“For those whom he foreknew he also predestined to be conformed to the image of His Son, in order that he might be the firstborn among many brothers. And those whom he predestined he also called, and those whom he called he also justified, and those whom he justified he also glorified” (Romans 8:29-30).
Romans 8:29-30 is called the “golden chain of salvation.” It details something called the Ordo Salutis; the order of salvation. It is an unbreakable chain that shows the way in which the believer who has been foreknown by God since before creation will also one day be glorified. Those who are foreknown will inevitably be predestined, called, justified, and then glorified. In simple terms, this is the way God saves us.
Hidden in this chain is a statement that is oftentimes neglected. We hear the words “foreknown” and “predestined” and we immediately begin thinking about Calvinism and Arminianism. Who are predestined and who are not? We hear the word “justified” and we think of Abraham and the fact that he was justified by faith. We hear the word “glorified” and our minds think of the pearly gates; the bliss of eternal life with Jesus! But in v. 29, Paul says that those who are foreknown are predestined to be conformed to the image of His Son.
The word “conform” speaks to something being fashioned into something different than it was originally. The only other time this word is used in the New Testament is in Philippians 3:20-21, when Paul said this: “But our citizenship is in heaven, and from it we await a Savior, the Lord Jesus Christ, who will transform our lowly body to be like his glorious body, by the power that enables him even to subject all things to himself.”
We are predestined to be transformed into the image of Jesus. We understand the concept of transformation. Paul says it directly when he says that previously, before we were predestined, we had “lowly” bodies that need to be changed to be like Jesus’ “glorious body.”
Simply put, you cannot be a follower of Jesus if your life looks no different today than it did when you first professed to know Jesus. You cannot be a true disciple of Jesus if you are not daily looking more and more like Jesus. You cannot be a true follower of Christ if the sin issues that plagued you 20 years ago are no different today. You cannot have the Spirit of God in your life (which is proof of your salvation) if your addiction to pornography, or alcohol, or gambling is no different today than it was before you knew Jesus. The primary evidence of a life that has been redeemed by Jesus is change. You will change.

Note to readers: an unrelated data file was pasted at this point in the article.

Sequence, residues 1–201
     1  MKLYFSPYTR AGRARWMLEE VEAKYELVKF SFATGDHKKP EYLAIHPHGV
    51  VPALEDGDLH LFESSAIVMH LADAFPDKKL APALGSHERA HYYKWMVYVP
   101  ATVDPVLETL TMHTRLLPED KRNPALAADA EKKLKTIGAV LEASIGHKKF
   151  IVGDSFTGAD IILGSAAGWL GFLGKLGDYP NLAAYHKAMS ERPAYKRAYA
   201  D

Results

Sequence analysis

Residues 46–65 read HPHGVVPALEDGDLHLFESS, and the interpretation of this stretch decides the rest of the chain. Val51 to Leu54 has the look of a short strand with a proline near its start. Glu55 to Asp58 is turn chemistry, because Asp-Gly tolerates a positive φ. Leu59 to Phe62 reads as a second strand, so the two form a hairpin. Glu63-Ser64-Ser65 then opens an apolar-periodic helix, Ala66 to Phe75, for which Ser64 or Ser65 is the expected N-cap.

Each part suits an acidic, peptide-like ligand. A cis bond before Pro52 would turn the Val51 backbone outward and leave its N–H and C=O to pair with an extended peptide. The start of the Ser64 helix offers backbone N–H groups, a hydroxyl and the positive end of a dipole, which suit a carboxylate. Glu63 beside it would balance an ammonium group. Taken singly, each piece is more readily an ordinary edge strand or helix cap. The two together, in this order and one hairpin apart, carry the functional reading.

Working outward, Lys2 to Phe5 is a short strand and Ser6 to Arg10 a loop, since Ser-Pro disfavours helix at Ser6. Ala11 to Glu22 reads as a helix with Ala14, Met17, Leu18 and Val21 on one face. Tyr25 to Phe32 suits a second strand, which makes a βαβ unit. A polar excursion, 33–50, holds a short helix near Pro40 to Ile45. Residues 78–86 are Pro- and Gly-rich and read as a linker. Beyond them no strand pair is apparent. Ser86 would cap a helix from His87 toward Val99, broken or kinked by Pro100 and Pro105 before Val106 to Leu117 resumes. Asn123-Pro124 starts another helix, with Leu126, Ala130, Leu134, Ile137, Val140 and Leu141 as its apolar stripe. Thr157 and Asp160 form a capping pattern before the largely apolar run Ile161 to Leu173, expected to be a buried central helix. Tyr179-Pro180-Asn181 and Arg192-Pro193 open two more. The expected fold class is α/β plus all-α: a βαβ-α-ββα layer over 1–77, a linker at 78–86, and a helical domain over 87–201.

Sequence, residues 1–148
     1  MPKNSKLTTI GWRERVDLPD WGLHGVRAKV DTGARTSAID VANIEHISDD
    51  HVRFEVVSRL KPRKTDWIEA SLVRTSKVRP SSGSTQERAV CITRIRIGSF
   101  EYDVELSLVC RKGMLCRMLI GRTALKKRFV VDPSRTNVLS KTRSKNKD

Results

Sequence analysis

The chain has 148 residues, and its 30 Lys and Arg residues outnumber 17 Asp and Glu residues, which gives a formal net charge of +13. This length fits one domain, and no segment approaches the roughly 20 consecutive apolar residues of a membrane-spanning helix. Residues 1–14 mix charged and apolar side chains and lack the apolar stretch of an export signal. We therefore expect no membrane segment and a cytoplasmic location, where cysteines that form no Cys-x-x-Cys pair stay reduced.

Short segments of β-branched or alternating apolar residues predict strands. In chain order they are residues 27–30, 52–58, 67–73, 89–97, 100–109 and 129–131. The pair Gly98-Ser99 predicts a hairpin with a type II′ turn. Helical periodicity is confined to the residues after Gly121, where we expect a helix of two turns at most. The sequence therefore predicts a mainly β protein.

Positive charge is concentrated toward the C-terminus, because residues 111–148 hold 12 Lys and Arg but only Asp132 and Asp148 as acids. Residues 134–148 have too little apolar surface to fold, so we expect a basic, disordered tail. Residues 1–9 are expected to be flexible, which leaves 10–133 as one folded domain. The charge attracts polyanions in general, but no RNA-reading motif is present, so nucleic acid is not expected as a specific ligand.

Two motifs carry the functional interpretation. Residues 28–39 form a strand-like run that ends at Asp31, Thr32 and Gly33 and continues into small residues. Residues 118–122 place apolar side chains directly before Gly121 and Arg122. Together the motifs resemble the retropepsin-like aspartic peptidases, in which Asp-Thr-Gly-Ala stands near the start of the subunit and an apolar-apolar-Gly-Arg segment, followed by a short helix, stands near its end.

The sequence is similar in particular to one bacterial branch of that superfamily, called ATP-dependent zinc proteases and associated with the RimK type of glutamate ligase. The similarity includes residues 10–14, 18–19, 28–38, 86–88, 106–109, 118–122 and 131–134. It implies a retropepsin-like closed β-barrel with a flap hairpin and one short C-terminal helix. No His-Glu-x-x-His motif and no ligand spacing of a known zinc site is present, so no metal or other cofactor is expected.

As you hear that, you may feel immediate conviction and then feel it is your job to change yourself so as to prove that your salvation is genuine. If in fact your salvation is genuine, you will be convicted and you will commit yourself to changing, and you will see results. If your salvation is not genuine, you will be merely chopping the head off of a branch that has been produced from a sinful heart. Your life will only evidence this change if in fact the Spirit of God dwells in you.
We don’t talk about change enough in the church. We don’t talk about transformation enough. We are too comfortable allowing people to go on in their lives unmoved and unaffected by the indwelling Spirit of God. Realize that conformity to Christ is not an option if you are in Christ. Therefore, submit yourselves to the Spirit’s sanctifying work in you!